MONTGOMERY, Ala. – It's a rainy Sunday morning at Rock Bottom American Pub. The neon signs are turned off, and the only drinks on the tables are coffee and water. There is fellowship going on, but there is no sports event on the big screen.
The patrons that fill the tables in this restaurant/bar are here to hear the word of God, to find comfort without judgment, and to be told, over and over, that God loves them, regardless of their past lives and deeds.
This is a regular Sunday at Grace Life Bar Church, a satellite campus of the non-denominational Grace Life Church in Prattville. The Bar Church, as it's called, has been meeting here at Rock Bottom for a few weeks now, reaching people who have either given up on traditional houses of worship, or who perhaps have never been inside a church and would feel too intimidated to do so.
Phil Bevilacqua, the lead pastor at Grace Life Church, and Paul Lammon, the site pastor at Bar Church, say what they're doing here at Rock Bottom is meeting people where they are in their lives.
"That's what we're out to do -- just let people know, no matter where they're at in life, no matter what they do, no matter what people have told them in the past, God loves them unconditionally," said Lammon, who worked with Rock Bottom owner Brad Gill on the idea for Bar Church.
Lammon was a customer for years at Rock Bottom and got to know Gill. After Lammon became a pastor at Grace Life Church, he had the idea to start an outreach ministry, and talked with his friend Gill about it. Gill was familiar with Worship on the Water ministries in coastal areas, which hold casual services on beaches and bars, including the famed Flora-Bama in Orange Beach. But the idea touched him on a personal level as well.
Gill said he's felt the judgment of those who look down on people who work at bars and nightclubs.
"It's pretty hypocritical to me," Gill said. "They want to be the first ones in the pews on Sunday morning, and then they want to be the ones to judge me, or somebody that works in a bar?"
The acceptance and unconditional love is what sets Bar Church apart, they say.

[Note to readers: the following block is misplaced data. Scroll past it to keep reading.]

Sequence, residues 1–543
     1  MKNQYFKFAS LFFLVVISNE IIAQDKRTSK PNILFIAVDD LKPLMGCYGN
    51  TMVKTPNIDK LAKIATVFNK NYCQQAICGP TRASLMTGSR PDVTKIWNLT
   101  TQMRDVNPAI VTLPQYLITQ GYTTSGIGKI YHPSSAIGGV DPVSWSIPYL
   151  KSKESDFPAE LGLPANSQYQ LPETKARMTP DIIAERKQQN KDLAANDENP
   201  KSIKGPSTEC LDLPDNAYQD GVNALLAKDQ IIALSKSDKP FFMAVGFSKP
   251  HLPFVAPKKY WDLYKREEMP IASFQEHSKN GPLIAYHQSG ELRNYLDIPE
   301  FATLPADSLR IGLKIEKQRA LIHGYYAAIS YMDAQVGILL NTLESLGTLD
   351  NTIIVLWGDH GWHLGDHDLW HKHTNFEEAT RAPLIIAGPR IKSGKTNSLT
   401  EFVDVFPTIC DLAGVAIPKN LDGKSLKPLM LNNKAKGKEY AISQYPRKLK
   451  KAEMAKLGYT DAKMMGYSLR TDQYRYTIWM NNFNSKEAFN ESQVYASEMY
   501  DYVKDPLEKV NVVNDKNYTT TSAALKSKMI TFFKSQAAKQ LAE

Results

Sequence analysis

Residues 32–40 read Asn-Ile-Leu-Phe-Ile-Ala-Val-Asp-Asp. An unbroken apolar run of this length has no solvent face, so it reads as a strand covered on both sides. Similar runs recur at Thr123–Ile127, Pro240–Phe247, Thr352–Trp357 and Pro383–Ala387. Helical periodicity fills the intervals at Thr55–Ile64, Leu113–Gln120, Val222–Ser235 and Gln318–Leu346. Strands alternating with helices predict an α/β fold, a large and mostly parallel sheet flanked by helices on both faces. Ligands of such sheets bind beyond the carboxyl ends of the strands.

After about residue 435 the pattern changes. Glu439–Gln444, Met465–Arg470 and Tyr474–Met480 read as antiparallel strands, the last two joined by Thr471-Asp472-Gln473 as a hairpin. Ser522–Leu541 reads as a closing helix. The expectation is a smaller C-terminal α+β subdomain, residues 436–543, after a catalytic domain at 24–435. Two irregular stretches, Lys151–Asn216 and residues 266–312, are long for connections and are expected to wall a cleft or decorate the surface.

"We never preach from a place of hurting people, or calling out their sin. Never preach from a place of condemnation. We want everybody who walks through the doors to feel welcome and feel love," Lammon said.
Judgment and shaming, Bevilacqua said, won't change a person's heart, and that's what some churches don't understand.
He makes sure to point out that all churches, regardless of approach or vision or doctrine, are all part of one body in Christ. "But their concept of church is to find someone's sin and preach about it. You've got to be able to realize that the only way that that's going to change is when their heart changes."
Making them feel guilty is only making things worse, the pastors say. They employ what they call a "one-hit theology."
"One dose of love changes your whole outlook on life," Bevilacqua said.
Both pastors have personal experience with what they're preaching. Bevilacqua is quick to give his testimony about the years he spent both as a drug addict and a drug dealer. Both men say they've been saved through the grace of God.
But both also found that conventional approaches to staying clean, by simply trying to live a life that others would describe as "Christian," didn't work for them.
"I got radically saved," Bevilacqua said, but felt that he was constantly being pressured to "perform" for God, and that he could never live up to the expectations of God and the church. As a result, he got "wore out in church and religion, always trying to perform."
"Then I got freed into what real Christianity is," Bevilacqua said. "He loves me regardless, and because he loves me regardless, I'm no longer white-knuckling," or trying to stay clean through sheer will power. Will power, he said, only lasts until a person becomes weak.
"The empowerment to not do it is an internal grace that God gives us, rather than our own will power," he said. When someone slips up, he beats himself up, feels ashamed, feels condemned, tries again and fails, and the cycle continues.
He quotes during the service from John 3:17: "For God did not send his son into the world to condemn the world, but to save the world through him."
It's when a person is freed from condemnation that he can breathe, and he can receive God's love and power.
"He thinks I'm awesome, so I'm going to live like that," Bevilacqua said. "That's really a spiritual way to live. I'm strong. I can say no. . It's so much easier to find out who you are."
That different way of thinking about how people live is finding an audience. Jonathan and Michelle Flahive have attended Bar Church with their four children since it started in June, and came over from the home Grace Life Church.
"(Bar Church) is not institutional," Jonathan Flahive said. "It's not a sin management program. It's all about God loving you."
The Flahives have been in ministry before, and got burned out. "This is nice for people who are burned out, or who have never been to church because they feel judged," Michelle Flahive said.
The pastors have heard the criticism that you might expect. "We had one guy who said, it's just a big gimmick," Bevilacqua said, shaking his head. "A gimmick to what? To love on people? To watch their life change?"
Lammon said some pastors can't agree with their philosophy -- love with no strings attached.
"They just wouldn't agree with the fact that you can simply love people, and just by loving people it causes change in their heart, which inevitably causes change in their actions."